Many of us talk to our plants, because we think it helps them grow. Now there is research which shows bees communicate with flowers through the vibrations of their wings, so our premise may not be too far-fetched. See Do you talk to your plants? We potentially achieve the same thing with the vibrations generated by the frequencies of our voice.
Israeli researcher Lilach Hadany has found the buzzing of nearby bees causes Evening Primroses (Oenothera drummondii) to respond with sweeter nectar. It seems the frequency of the bees’ wings generates the sweeter response.
Beach Evening Primrose
Hadany chose the Evening Primrose because it has a long bloom time and produces measurable amounts of nectar. It also grows wild on the beaches and other natural areas in Tel Aviv, so it was readily available as a research specimen.
Further, although the blossoms vary in size and shape, they are parabolic or bowl-shaped — a perfect acoustical shape — much like a TV satellite dish. This shape is perfect for absorbing and then passing on the sound waves from the buzzing to the nectar source.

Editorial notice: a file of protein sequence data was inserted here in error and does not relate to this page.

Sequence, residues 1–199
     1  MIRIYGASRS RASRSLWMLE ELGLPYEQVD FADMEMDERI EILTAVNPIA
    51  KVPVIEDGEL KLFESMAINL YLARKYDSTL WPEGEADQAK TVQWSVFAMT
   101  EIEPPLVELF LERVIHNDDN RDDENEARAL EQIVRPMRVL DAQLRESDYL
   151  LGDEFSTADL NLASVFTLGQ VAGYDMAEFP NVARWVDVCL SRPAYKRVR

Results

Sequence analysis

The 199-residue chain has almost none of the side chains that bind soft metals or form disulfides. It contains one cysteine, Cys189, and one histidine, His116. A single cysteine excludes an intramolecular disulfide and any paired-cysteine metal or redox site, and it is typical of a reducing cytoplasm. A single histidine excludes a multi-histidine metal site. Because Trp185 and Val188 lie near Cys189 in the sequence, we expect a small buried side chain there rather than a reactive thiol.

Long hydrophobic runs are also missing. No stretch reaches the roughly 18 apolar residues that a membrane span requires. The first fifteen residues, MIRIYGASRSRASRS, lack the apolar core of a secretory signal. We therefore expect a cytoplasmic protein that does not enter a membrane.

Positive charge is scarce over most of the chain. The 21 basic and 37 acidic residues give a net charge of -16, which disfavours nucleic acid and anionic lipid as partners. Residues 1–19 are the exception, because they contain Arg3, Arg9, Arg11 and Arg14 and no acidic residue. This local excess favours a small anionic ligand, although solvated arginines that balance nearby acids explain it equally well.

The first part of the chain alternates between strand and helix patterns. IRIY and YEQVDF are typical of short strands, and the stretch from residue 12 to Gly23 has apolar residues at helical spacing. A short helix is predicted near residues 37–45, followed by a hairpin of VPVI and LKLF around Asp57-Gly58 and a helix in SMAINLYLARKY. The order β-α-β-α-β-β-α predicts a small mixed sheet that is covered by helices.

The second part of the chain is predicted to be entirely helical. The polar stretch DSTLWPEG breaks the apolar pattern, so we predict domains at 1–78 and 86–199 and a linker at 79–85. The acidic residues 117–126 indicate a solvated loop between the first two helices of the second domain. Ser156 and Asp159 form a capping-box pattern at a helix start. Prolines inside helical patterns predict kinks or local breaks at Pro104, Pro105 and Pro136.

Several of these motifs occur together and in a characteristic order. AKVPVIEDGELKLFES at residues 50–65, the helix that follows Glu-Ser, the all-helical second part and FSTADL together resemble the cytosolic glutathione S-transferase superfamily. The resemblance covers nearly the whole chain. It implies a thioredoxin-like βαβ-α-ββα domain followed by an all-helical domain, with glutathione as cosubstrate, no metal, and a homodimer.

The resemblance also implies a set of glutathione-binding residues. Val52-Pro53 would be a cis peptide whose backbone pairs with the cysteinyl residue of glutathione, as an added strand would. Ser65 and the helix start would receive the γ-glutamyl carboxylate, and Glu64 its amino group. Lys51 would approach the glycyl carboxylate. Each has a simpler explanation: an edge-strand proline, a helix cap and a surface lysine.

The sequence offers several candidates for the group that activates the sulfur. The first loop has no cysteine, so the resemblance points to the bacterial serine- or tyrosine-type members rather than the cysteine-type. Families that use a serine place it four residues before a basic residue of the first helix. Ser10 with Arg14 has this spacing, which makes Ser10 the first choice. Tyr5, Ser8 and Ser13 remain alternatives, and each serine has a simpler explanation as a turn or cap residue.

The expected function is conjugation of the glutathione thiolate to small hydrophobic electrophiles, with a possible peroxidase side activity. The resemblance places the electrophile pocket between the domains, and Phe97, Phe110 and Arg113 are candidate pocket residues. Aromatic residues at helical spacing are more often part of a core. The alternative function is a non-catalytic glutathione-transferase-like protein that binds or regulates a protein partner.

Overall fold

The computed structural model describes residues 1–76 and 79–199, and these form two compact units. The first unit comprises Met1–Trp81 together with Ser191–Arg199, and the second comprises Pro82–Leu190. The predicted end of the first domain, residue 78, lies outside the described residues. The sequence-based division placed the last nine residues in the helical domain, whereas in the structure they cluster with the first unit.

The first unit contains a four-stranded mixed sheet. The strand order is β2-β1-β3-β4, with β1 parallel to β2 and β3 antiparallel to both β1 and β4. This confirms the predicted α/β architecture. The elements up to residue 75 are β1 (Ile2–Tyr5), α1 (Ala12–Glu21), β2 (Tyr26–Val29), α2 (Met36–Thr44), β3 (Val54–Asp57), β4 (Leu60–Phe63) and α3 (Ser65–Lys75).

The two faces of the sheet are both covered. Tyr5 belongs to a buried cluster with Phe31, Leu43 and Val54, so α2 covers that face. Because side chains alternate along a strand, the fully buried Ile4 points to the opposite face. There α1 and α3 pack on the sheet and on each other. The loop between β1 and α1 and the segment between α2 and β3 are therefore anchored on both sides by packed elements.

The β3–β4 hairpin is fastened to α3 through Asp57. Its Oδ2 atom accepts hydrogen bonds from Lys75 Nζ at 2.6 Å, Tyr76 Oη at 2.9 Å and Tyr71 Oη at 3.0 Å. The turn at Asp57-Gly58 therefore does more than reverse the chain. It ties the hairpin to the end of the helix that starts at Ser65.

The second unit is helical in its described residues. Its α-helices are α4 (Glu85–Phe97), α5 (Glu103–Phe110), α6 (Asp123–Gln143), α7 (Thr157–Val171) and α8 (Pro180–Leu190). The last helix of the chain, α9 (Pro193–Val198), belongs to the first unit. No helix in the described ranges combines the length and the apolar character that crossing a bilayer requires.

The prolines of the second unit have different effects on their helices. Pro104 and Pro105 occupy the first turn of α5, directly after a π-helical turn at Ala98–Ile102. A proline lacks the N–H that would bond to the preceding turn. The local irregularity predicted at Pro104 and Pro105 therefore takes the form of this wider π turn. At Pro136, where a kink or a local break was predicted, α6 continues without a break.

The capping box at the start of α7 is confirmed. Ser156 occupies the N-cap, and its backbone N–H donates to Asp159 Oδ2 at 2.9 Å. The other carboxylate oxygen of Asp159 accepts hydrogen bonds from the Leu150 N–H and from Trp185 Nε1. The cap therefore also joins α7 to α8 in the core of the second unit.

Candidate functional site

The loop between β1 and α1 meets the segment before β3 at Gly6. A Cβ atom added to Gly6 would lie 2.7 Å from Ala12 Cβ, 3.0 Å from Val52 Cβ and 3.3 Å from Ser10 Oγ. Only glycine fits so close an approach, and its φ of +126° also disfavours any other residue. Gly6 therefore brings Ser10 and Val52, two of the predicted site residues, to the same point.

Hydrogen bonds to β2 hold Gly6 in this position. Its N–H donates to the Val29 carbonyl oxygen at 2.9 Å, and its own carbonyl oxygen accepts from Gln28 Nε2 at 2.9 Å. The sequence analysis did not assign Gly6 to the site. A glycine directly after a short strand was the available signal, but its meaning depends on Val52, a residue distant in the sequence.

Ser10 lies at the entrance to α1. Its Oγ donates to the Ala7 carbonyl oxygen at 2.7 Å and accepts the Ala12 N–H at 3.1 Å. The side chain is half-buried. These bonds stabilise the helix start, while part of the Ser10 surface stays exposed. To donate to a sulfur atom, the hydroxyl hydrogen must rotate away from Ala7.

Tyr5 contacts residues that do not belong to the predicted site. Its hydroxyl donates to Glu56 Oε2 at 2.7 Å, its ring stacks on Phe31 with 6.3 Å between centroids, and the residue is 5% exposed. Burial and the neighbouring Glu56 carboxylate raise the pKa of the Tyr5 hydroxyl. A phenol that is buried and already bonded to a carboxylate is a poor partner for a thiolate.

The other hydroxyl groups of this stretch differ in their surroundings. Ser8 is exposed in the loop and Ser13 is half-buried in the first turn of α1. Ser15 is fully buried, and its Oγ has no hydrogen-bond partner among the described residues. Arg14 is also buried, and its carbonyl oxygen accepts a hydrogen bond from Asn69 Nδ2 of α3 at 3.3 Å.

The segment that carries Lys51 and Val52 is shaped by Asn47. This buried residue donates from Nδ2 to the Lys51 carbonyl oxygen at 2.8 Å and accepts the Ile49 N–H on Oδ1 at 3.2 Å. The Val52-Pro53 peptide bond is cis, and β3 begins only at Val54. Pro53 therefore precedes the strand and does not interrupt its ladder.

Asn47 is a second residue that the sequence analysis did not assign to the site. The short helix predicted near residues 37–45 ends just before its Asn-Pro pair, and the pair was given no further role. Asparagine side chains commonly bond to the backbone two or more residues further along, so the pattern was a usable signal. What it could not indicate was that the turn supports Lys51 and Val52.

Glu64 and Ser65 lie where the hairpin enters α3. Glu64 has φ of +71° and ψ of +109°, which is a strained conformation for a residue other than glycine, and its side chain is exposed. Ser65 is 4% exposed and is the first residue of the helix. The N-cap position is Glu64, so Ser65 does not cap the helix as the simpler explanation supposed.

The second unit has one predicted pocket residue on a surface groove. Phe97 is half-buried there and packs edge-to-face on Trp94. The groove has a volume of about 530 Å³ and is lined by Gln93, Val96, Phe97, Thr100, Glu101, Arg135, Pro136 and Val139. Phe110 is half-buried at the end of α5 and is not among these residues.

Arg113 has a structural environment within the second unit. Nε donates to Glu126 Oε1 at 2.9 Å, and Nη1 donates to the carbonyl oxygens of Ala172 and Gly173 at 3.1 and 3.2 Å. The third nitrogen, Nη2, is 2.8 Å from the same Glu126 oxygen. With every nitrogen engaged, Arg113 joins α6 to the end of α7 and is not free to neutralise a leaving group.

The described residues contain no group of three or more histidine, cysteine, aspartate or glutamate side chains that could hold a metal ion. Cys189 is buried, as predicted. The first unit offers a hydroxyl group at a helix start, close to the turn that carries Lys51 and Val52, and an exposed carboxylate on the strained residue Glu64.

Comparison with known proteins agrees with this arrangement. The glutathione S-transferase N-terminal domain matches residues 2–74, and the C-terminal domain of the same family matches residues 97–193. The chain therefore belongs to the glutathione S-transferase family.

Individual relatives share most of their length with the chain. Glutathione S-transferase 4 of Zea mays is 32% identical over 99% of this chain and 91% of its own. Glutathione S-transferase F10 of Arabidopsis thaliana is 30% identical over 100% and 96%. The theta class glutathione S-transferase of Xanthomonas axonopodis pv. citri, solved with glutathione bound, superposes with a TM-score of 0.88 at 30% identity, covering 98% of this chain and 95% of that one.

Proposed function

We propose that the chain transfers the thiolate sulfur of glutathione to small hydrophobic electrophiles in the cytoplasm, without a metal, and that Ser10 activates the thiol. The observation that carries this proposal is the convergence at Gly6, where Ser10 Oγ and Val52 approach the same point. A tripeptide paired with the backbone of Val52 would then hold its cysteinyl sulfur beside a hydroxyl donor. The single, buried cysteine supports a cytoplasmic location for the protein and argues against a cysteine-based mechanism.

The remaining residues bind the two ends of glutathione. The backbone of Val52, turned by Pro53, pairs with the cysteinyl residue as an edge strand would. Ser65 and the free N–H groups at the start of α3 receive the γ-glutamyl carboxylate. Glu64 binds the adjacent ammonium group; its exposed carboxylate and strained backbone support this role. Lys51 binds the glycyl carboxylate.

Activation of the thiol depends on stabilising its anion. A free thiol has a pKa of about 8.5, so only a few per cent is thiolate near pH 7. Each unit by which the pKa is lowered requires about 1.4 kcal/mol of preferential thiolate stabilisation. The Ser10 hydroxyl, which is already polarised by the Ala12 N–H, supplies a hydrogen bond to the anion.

What does this mean?
Her team tested the plants with a variety of frequencies used by pollinators and no frequency at all. Within three minutes of exposure to the frequencies, sugar concentration increased 12 to 20 percent. They tested the same frequencies with one or more petals removed, so the bowl shape was no longer prominent, and the plants did not respond as well to the buzzing at all frequencies.
The theory is the sweeter the nectar, the more insects are drawn to the plant, thus increasing the chances for successful cross-pollination. Researchers found nine times more pollinators buzz around plants visited within six minutes by another pollinator.
Next week is Pollinator Week. Stay tuned for more info on pollinators.
Thank you Kathy Jones for making me aware of this latest study.